I think about the experience of my pastor who trusted me with the keys to the church and the difference that made in my life and the witness that must have made in the lives of my peers and our neighborhood. I also imagine that perhaps, for my pastor, having entrusted me with the keys may not have been as much about trusting me as it was trusting God. The church’s role is to entrust people with the keys to the church and God’s blessings so that they might live faithful, just and fulfilling lives.
That, my friends, is why I am writing this message, to thank you for your faithful witness as adults who trust young people. Thank you to youth directors, Sunday school teachers, coaches, pastors and volunteers. Thank you for sharing the vision and daring to believe in youth and their partnership in sharing the love and witness of Jesus Christ. You are the faithful who dare to see in young people their gift in being church, living their baptism in partnership with adults, in and beyond the church building. Thank you for all the ways you give the keys to the church so that others might experience church as God’s gift of welcome, safety and belonging.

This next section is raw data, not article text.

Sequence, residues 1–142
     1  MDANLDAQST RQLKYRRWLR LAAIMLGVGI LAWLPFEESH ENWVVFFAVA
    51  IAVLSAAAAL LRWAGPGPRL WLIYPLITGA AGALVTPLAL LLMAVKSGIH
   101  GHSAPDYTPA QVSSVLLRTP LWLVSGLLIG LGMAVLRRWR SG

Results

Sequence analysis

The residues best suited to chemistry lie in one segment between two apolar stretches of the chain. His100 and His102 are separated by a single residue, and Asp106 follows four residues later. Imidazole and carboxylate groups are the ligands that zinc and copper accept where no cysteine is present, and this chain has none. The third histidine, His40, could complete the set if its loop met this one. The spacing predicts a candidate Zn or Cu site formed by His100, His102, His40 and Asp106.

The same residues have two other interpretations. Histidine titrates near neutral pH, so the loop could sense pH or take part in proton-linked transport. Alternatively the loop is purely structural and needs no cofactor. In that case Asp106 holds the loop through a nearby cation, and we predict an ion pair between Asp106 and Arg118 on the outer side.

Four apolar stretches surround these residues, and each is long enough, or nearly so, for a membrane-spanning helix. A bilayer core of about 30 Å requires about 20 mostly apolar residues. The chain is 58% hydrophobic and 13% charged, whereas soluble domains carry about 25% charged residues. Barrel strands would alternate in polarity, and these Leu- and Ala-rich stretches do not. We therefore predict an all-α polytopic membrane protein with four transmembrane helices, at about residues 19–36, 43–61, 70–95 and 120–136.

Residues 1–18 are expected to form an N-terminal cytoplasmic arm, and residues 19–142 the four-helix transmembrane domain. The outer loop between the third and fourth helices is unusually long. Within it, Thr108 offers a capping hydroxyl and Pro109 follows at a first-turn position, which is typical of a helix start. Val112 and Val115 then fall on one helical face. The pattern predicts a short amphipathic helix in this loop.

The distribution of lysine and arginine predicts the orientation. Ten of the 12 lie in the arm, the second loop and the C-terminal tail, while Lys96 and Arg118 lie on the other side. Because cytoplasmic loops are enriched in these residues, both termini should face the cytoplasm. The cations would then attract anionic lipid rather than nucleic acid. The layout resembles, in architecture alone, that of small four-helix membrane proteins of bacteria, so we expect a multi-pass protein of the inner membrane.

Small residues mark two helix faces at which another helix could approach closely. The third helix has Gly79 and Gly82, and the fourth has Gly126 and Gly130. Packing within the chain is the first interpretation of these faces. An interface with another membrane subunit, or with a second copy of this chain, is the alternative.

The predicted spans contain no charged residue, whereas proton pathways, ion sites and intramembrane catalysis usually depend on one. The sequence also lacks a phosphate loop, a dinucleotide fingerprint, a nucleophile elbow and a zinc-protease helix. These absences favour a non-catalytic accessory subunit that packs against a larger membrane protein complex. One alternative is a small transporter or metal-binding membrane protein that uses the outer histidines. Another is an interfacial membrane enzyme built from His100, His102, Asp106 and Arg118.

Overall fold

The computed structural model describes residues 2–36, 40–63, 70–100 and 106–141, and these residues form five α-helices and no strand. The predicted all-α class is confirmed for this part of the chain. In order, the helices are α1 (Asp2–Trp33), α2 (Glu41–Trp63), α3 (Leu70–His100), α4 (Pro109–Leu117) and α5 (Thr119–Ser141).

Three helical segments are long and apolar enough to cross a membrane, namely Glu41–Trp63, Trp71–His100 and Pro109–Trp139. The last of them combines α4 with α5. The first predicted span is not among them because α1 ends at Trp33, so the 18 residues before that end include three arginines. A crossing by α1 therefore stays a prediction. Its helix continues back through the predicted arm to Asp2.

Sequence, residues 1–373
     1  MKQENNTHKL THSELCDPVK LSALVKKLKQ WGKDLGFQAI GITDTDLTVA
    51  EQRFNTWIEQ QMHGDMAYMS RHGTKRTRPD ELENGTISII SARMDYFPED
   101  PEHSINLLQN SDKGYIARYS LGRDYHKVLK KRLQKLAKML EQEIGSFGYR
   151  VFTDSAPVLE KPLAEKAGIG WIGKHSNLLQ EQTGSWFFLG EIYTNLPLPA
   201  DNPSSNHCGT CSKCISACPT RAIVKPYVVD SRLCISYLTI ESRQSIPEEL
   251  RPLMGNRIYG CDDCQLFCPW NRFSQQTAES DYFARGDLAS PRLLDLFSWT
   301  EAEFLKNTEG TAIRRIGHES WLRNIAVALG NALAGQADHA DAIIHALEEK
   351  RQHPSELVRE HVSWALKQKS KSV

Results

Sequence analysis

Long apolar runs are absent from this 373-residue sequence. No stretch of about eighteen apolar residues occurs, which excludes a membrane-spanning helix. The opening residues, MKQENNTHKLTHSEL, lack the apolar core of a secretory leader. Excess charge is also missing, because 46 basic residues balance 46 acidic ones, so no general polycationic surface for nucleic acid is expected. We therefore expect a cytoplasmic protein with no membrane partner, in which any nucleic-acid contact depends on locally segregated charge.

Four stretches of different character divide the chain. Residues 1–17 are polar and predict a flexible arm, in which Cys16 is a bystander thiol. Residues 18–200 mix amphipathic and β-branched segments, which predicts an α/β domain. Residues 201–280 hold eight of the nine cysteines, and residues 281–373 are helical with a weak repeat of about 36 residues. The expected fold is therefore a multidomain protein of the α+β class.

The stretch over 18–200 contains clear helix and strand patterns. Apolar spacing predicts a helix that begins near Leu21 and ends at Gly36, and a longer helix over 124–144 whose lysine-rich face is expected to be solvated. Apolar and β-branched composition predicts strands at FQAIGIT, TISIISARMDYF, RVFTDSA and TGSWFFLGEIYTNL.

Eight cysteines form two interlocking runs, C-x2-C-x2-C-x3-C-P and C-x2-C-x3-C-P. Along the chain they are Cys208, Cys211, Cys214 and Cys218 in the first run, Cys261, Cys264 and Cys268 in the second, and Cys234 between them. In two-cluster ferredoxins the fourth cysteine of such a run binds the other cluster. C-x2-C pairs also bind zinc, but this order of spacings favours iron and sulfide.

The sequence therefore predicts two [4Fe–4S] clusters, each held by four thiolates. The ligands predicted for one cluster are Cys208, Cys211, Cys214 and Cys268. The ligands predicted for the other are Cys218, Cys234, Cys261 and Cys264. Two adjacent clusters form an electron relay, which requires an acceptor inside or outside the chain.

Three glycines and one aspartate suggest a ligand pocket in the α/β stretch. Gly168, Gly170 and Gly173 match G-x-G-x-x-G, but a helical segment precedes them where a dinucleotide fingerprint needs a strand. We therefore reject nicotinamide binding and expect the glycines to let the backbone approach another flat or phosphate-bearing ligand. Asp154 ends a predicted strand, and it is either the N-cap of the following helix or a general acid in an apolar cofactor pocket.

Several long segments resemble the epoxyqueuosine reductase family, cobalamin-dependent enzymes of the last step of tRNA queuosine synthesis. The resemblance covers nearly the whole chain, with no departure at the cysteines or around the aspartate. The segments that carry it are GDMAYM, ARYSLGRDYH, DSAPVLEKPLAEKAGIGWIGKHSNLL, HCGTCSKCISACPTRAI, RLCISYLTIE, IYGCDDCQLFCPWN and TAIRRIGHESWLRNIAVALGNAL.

Pastor Kelly Chatman has served as an interim Director for Evangelical Mission with the Minneapolis Area Synod and was, until recently, pastor at Evangelical Lutheran Church of the Redeemer, North Minneapolis and director of the Redeemer Center for Life. After retiring from Redeemer, he has started the Center for Leadership and Neighborhood Engagement, a training institute to support the work of congregations at deepening their connections to the neighborhood in which they reside.
He is a graduate of Gettysburg Seminary, Gettysburg, Pa., and has served as a leader at various levels throughout the church. He served for five years as director for Youth Ministries for the Evangelical Lutheran Church in America (ELCA) and has been a distinguished church leader in Washington, D.C.; Portland, Oregon; and Minneapolis, Minnesota. In addition, Pastor Kelly recently served on boards for Camp Amnicon, Aeon Housing Development, Gustavus Adolphus College, Cookie Cart, Plymouth Christian Youth Center, Lutheran Volunteer Corps, Harrison Neighborhood Association, and the Wheat Ridge Foundation.
Categories: January 2021: "Holding Loosely"